Creutzfeldt-Jakob disease

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Related to Creutzfeldt-Jacob disease: mad cow disease, Huntington's disease

Creutz·feldt-Ja·kob disease

n. Abbr. CJD
A fatal degenerative disease of the brain, caused by a prion and marked by progressive dementia and gradual loss of muscle control. Also called Jakob-Creutzfeldt disease.

[After Hans G. Creutzfeld (1883-1964) and Alfons M., Jakob (1884-1931), German psychiatrists.]

Creutzfeldt-Jakob disease

(ˈkrɔɪtsfɛlt ˈjɑːkɒp)
(Pathology) pathol a fatal slow-developing disease that affects the central nervous system, characterized by mental deterioration and loss of coordination of the limbs. It is thought to be caused by an abnormal prion protein in the brain
[C20: named after Hans G. Creutzfeldt (1885–1964) and Alfons Jakob (1884–1931), German physicians]

Creutz′feldt-Ja′kob disease`

(ˈkrɔɪts fɛltˈyɑ kɔp)
a fatal degenerative disease of the human brain, thought to be caused by an abnormal, infectious form of cellular prion protein.
[1965–70; after German physicians Hans German. Creutzfeldt (1885–1964) and Alfons Jakob (1884–1931)]
ThesaurusAntonymsRelated WordsSynonymsLegend:
Noun1.Creutzfeldt-Jakob disease - rare (usually fatal) brain disease (usually in middle age) caused by an unidentified slow virus; characterized by progressive dementia and gradual loss of muscle control
brain disease, brain disorder, encephalopathy - any disorder or disease of the brain

Creutzfeldt-Jakob disease

References in periodicals archive ?
Each chapter opens with a theoretical introduction to issues such as overcoming ethical dilemmas, assisted suicide and mental health, and Creutzfeldt-Jacob disease and palliative care, and then details practical applications of these ideas.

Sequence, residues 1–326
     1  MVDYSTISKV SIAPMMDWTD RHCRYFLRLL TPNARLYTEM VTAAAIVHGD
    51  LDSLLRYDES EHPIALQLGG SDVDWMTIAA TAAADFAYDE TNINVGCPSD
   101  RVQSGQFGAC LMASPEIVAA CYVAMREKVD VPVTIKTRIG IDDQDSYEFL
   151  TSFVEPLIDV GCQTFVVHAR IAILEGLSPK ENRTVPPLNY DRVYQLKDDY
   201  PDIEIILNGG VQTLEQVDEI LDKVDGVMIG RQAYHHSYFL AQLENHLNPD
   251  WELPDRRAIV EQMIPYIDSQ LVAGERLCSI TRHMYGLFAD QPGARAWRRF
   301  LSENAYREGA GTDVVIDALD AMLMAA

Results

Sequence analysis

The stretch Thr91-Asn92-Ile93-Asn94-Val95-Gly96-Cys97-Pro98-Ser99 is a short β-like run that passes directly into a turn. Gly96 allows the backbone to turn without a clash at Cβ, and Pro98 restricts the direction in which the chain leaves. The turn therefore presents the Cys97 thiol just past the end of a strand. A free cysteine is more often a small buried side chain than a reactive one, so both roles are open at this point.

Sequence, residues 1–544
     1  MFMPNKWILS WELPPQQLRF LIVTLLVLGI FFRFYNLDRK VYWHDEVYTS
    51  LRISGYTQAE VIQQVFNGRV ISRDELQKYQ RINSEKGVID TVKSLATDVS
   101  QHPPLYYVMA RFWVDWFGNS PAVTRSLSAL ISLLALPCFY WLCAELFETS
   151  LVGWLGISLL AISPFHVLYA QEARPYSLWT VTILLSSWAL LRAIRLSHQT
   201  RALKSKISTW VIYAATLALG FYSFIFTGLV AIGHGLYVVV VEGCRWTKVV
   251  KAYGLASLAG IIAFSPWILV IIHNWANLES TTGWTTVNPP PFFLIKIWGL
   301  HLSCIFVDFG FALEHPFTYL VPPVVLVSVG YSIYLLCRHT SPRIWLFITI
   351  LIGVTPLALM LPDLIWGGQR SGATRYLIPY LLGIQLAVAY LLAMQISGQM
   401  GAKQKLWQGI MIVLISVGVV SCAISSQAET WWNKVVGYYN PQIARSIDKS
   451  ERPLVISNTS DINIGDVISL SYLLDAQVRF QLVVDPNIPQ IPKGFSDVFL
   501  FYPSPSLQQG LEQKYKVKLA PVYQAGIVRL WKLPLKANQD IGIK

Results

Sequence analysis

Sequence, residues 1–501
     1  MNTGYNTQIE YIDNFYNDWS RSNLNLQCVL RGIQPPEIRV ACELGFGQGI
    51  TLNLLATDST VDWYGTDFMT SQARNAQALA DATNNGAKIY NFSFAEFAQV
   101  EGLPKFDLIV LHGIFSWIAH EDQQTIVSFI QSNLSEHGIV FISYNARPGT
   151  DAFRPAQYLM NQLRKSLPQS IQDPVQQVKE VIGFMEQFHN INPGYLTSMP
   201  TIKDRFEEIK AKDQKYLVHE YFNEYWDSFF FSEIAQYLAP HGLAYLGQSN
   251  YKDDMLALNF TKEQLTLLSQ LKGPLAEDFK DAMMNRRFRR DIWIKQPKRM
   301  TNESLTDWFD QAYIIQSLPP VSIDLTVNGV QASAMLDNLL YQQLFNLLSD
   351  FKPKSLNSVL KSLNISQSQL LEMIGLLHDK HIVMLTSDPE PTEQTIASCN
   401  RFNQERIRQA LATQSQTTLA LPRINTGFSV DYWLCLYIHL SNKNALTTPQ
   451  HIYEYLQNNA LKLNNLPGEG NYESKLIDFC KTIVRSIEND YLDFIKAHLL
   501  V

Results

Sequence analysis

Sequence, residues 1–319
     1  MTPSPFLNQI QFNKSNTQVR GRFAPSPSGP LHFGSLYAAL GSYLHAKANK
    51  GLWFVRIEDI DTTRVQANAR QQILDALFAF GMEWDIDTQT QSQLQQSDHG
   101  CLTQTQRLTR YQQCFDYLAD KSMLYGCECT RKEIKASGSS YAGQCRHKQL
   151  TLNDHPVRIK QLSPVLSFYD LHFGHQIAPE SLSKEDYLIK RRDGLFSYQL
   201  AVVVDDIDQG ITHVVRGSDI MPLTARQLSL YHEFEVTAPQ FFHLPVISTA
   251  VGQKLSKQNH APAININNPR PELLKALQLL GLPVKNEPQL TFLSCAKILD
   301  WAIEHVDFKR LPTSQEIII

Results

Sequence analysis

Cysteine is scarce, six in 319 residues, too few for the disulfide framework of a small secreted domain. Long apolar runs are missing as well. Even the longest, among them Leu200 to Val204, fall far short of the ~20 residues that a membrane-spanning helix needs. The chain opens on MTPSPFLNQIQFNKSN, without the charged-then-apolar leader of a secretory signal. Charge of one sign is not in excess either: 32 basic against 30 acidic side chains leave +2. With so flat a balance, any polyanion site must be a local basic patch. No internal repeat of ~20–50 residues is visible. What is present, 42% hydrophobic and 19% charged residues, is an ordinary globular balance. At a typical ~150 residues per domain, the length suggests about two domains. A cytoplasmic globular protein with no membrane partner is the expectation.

Transmissible spongiform encephalopathies (TSE) or prion diseases are a group of neurodegenerative afflictions which include Creutzfeldt-Jacob disease (CJD) in humans, scrapie in sheep and goats, and bovine spongi form encephalopathie (BSE) in cattle.
Washington, May 10 (ANI): In a major breakthrough, scientists from the National Institute of Allergy and Infectious Diseases have developed a method-10,000 times more sensitive than other methods-to detect variant Creutzfeldt-Jacob disease (vCJD) in blood plasma.
Humans who consume BSE-infected meat can contract its human form, variant Creutzfeldt-Jacob disease or CJD of which there were 195 confirmed cases by July 2007: 163 in the UK, 22 in France, four in Ireland, two in the Netherlands, two in Portugal, one in Italy and one in Spain.
They believe that, in the right doses, luteolin could be used to treat patients with a range of brain conditions, including Alzheimer's and Creutzfeldt-Jacob Disease (CJD).
Source of variant Creutzfeldt-Jacob disease outside United Kingdom.
The chapters describe diseases such as Creutzfeldt-Jacob disease, kuru, mad cow disease (BSE), chronic wasting disease and scrapie, highlighting their biochemical, molecular biological, genetic, and clinical aspects.
In addition, it found patients had been exposed to the risk of infection with HIV, Creutzfeldt-Jacob Disease (CJD), acute allergic reactions, rejection reactions or malignant tumours.
While the method poses some safety concerns, the researchers believe that it paves the way for preventing prion-triggered diseases, including mad cow disease, formally known as bovine spongiform encephalopathy, and its human form, Creutzfeldt-Jacob disease.